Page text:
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Blurring the Lines Between Fantasy and Reality

A "Black Mirror" episode illustrates the danger of seeing the world through an AI filter

The dystopian Netflix show Black Mirror featured an episode a few years ago about soldiers tasked with wiping out an apparently mutant adversary. In reality, the soldiers are seeing the world through an AI filter that is casting ordinary human beings as despicable monsters. The AI lessens their hesitations to kill the enemy.

An article at Nautilus cited a research group that’s asking how much of that horrifying story could potentially unfold in real time, or is already happening to a certain extent in today’s culture. Social media apps like Snapchat, TikTok, and Instagram already use face altering techniques in their apps, allowing users to curate idealized images of themselves. But what happens when, as in the Black Mirror episode, other people are the ones who get blurred or distorted? It turns out that it makes us a bit more selfish.

Brian Gallagher writes,

The researchers take the episode to be a meditation on the impact face-blurring technology could have on us ethically and psychologically. Many of us, they point out, are already desensitized to the routine use of sophisticated image-altering filters on apps like TikTok, where users can, for example, look like their teenage selves or, more controversially, touch up their appearance. “What we do not fully realize yet is that filters could also change the way others see us. In the future, metaverse interactions and offline interactions mediated by augmented reality devices will offer endless possibilities for people to alter the way they see their environment or the way they see other people,” they write. “In this work, we focused on a simple alteration, which is already easily implementable in real-time: blurring the faces of others.”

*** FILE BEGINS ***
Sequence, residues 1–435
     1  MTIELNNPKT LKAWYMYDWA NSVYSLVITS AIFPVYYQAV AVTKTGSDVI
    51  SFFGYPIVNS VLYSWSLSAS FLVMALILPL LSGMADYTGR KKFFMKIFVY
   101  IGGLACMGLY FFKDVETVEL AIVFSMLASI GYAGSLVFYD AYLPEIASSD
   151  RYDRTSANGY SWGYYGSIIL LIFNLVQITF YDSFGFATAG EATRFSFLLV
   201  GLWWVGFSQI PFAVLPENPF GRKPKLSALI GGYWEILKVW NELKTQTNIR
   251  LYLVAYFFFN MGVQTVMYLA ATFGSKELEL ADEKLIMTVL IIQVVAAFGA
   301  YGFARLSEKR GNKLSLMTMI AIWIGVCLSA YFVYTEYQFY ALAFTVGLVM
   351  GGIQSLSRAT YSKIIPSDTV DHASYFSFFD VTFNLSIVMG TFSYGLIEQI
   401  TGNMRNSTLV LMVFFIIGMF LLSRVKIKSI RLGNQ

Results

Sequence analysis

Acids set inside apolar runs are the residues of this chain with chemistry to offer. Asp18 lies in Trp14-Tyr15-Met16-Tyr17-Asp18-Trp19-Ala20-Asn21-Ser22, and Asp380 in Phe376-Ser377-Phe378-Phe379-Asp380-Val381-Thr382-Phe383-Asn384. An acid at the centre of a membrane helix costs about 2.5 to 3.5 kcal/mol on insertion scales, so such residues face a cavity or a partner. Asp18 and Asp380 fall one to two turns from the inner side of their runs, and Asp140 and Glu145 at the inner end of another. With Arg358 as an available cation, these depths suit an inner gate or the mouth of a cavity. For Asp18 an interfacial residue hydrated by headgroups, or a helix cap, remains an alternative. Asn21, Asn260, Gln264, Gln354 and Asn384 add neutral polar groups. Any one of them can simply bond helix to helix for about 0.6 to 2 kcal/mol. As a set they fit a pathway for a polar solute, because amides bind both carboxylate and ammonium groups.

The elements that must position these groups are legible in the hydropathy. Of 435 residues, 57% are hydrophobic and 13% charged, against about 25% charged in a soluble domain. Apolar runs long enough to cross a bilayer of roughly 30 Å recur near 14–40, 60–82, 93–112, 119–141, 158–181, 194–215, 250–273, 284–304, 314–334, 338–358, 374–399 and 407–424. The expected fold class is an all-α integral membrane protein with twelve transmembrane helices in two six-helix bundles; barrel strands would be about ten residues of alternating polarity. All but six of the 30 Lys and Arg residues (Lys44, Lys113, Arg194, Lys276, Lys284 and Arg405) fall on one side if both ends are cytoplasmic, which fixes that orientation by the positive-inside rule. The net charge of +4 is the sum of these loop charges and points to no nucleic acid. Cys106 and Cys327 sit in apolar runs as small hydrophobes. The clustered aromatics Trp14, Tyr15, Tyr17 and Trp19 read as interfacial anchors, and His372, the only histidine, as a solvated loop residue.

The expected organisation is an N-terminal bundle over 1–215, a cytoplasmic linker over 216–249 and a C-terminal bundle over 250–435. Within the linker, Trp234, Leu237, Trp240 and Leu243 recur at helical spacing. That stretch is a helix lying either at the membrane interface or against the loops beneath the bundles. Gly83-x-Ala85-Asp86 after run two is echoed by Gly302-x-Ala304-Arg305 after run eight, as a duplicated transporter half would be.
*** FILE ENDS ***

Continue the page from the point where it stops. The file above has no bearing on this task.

Brian Gallagher, How We’re Becoming Bigger Jerks Online – Nautilus

The researchers found that when participants played a game involving giving away money charitably with a partner, they allocated monies more selfishly when their partner’s face was blurred. Losing that basic aspect of the human person lessened the motivation to be altruistic. Other results in the research were more mixed, but overall, it seems that depersonalization via AI negatively impacted people’s generous impulses.

Even with social media and its infinity of virtual avatars, it’s hard to pause and give the person behind the profile his or her adequate due. We become so used to scrolling through all these personalities and faces, subtly believing we’re the center of the world because we’re at the center of the app and forget that all this is a simulation that doesn’t do justice to the truth about ourselves or the people we relate to. Accepting each other with all our flaws and strengths might be the beginning of an antidote to the depersonalizing effects of the image economy.

Peter Biles

Writer and Editor, Center for Science & Culture
Peter Biles graduated from Wheaton College in Illinois and went on to receive a Master of Fine Arts in Creative Writing from Seattle Pacific University. He is the author of Hillbilly Hymn and Keep and Other Stories and has also written stories and essays for a variety of publications. He was born and raised in Ada, Oklahoma and is the Writer and Editor for Discovery Institute’s Center for Science & Culture.

Blurring the Lines Between Fantasy and Reality